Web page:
I chose the Smith & Wesson 637 Wyatt Deep Cover. It has a bobbed hammer rather than shrouded, so it is not so butt ugly or unloved except for the cult following. It is then smaller in profile too. Nice gun and good shooter.
I have been a S+W stubbie guy all my life. Bought so many over the years I lost count. I still have a no lock 442 that has a very nice trigger pull that is my EDC gun. When Ruger came out with the LCR 9mm and having lots of 9mm ammo on hand for my full Auto Uzi I said what the hell I'll give a shot. Well I ran not walked to to the safe to put the 442 in it. Still the 442 is a great gun but the LCR with that nice smooth trigger pull and a bit more power With the 9mm round I just had to make the switch. Oh yea much cheaper to shoot as well.
I don't care for the super-light revolvers. Too much felt recoil to shoot comfortably for very long. That said, I would (and did) go with a S&W model 60 and a nickel model 36. They have enough weight to cut down felt recoil and allow me to shoot in comfort, but not so much weight that they are uncomfortable to carry. These have been my EDC guns for several years now.

I've owned both of these guns for over 30 years, so I'm kinda' set in my ways.
If you are fine with a bobbed hammer go S&W 638. Double action when you need it, single action when you want it - with a nice little bobbed checkered hammer that won't snag anything and is just big enough to cock manually.

They're awful sturdy too, ran mine over with my car. Left a bit of a bur on the cylinder from a rock in the tire, but lockup and timing are still perfect. Great little pistols.
There is something comforting about the simplicity of a little DAO revolver.

... and rather relaxing and therapeutic putting those rounds into the chamber one by one. As if you are one with the system. I use two small eye glass cases to hold my extra rounds that fit any where on my person I so chose to carry them. Gives me a total of 25 rounds, 5 in the oven and the rest divided into those two cases.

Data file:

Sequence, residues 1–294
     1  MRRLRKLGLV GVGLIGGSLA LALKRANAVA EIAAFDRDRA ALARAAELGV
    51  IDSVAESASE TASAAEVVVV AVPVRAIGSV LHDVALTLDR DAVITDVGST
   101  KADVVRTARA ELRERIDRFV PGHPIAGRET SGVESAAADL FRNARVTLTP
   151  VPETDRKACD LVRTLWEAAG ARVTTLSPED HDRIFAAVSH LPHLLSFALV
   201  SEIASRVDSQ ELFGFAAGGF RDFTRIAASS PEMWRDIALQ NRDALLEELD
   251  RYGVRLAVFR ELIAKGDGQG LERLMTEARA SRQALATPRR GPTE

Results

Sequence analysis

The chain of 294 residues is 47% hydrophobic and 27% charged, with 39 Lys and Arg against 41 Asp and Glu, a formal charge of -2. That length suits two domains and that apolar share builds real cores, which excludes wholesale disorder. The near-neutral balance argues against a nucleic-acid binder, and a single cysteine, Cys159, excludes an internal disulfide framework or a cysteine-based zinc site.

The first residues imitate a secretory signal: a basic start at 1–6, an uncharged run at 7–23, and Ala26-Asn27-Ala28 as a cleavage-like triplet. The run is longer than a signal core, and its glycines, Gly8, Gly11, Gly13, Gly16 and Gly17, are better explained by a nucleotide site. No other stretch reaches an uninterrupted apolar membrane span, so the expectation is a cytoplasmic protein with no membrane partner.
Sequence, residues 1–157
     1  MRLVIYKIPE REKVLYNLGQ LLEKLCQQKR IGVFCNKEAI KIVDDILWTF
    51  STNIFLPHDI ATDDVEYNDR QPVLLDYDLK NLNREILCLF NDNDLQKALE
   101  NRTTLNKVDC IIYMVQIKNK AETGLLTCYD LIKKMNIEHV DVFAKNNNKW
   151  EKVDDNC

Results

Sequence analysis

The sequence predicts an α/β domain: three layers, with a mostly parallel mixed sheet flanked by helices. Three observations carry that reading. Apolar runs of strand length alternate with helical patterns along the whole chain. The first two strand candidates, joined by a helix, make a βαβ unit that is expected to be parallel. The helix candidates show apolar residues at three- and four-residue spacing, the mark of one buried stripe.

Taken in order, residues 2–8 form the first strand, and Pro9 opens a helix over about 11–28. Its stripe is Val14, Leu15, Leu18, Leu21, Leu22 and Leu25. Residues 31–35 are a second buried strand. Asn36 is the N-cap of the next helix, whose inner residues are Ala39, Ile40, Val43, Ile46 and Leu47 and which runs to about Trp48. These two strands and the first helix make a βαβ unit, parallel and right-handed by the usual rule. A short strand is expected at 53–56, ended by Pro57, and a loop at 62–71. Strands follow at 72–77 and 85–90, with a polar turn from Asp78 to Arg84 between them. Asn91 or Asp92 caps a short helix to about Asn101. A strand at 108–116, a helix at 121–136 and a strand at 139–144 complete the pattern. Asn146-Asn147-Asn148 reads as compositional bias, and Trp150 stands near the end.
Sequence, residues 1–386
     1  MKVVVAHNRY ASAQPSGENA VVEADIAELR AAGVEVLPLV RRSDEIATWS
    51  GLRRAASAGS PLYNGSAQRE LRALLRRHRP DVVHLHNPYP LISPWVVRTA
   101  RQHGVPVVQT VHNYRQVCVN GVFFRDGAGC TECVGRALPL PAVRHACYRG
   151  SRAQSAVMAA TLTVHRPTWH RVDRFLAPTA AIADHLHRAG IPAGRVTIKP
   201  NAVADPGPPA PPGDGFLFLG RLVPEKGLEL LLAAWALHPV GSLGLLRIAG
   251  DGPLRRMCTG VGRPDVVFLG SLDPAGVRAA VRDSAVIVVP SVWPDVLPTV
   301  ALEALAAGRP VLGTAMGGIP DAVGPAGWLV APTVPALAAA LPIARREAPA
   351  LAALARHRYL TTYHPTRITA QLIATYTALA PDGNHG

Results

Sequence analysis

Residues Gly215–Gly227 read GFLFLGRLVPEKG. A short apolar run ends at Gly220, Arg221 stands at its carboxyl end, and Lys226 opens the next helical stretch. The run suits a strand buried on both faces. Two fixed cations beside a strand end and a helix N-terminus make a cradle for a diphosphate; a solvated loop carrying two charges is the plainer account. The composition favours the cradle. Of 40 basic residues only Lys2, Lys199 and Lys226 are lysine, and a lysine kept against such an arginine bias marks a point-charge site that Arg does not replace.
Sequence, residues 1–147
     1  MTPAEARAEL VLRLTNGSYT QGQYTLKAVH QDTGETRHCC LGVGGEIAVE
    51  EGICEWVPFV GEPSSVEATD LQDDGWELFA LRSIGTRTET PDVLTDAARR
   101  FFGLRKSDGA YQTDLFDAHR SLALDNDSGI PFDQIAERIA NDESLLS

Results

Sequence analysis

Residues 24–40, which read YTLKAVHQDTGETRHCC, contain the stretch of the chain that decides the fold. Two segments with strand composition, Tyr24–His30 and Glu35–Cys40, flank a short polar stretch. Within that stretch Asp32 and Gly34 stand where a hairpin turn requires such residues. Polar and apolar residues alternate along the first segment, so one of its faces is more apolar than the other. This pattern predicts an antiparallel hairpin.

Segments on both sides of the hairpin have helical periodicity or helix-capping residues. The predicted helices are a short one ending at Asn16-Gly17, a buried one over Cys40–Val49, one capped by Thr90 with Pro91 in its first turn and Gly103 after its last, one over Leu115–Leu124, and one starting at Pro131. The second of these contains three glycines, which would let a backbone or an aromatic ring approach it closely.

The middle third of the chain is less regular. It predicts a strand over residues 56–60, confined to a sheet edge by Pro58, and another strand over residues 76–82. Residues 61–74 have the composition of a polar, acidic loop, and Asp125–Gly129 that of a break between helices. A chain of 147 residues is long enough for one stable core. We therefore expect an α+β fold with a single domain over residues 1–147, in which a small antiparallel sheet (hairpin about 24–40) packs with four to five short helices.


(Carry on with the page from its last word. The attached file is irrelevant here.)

How shall I put this, "as happy and content as a song bird in the morning or a pig in do-do"

My S&W Model 38 makes a great BUG. I typically carry her in a El Paso Saddlery pocket holster.

My other option is my LCR357. But, I carry it with hot .38 Spl loads. Dang, I wish I could shoot my snubbies HALF as good as Hickok.
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My alloy framed Taurus 38 snubbie had such a good trigger that I removed the hammer spur and it is my favorite carry piece.

I've considered cutting the hammer spur off. Mine, too, is so good in DA, I never shoot it SA. BUT, I've been a little paranoid that the loss of weight on the hammer would cause light hammer strikes. Don't really have a problem drawing it from a pocket, anyway.
I've considered cutting the hammer spur off. Mine, too, is so good in DA, I never shoot it SA. BUT, I've been a little paranoid that the loss of weight on the hammer would cause light hammer strikes.

If it ain't misfiring now, it probably won't misfire after cutting a few grams of weight off the hammer by bobbing that spur. Mine has never bobbled after I trimmed the spur off. It just goes bang.

Bob it if you want to. It sure makes it even more slick in the draw from a pocket. :cool:


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MCgunner said:
I've been a little paranoid that the loss of weight on the hammer would cause light hammer strikes.

Assuming the gun's in spec, a lighter hammer doesn't reduce reliability. Matter of fact, it increases it, so you can theoretically lighten the action a tad without loss of reliability.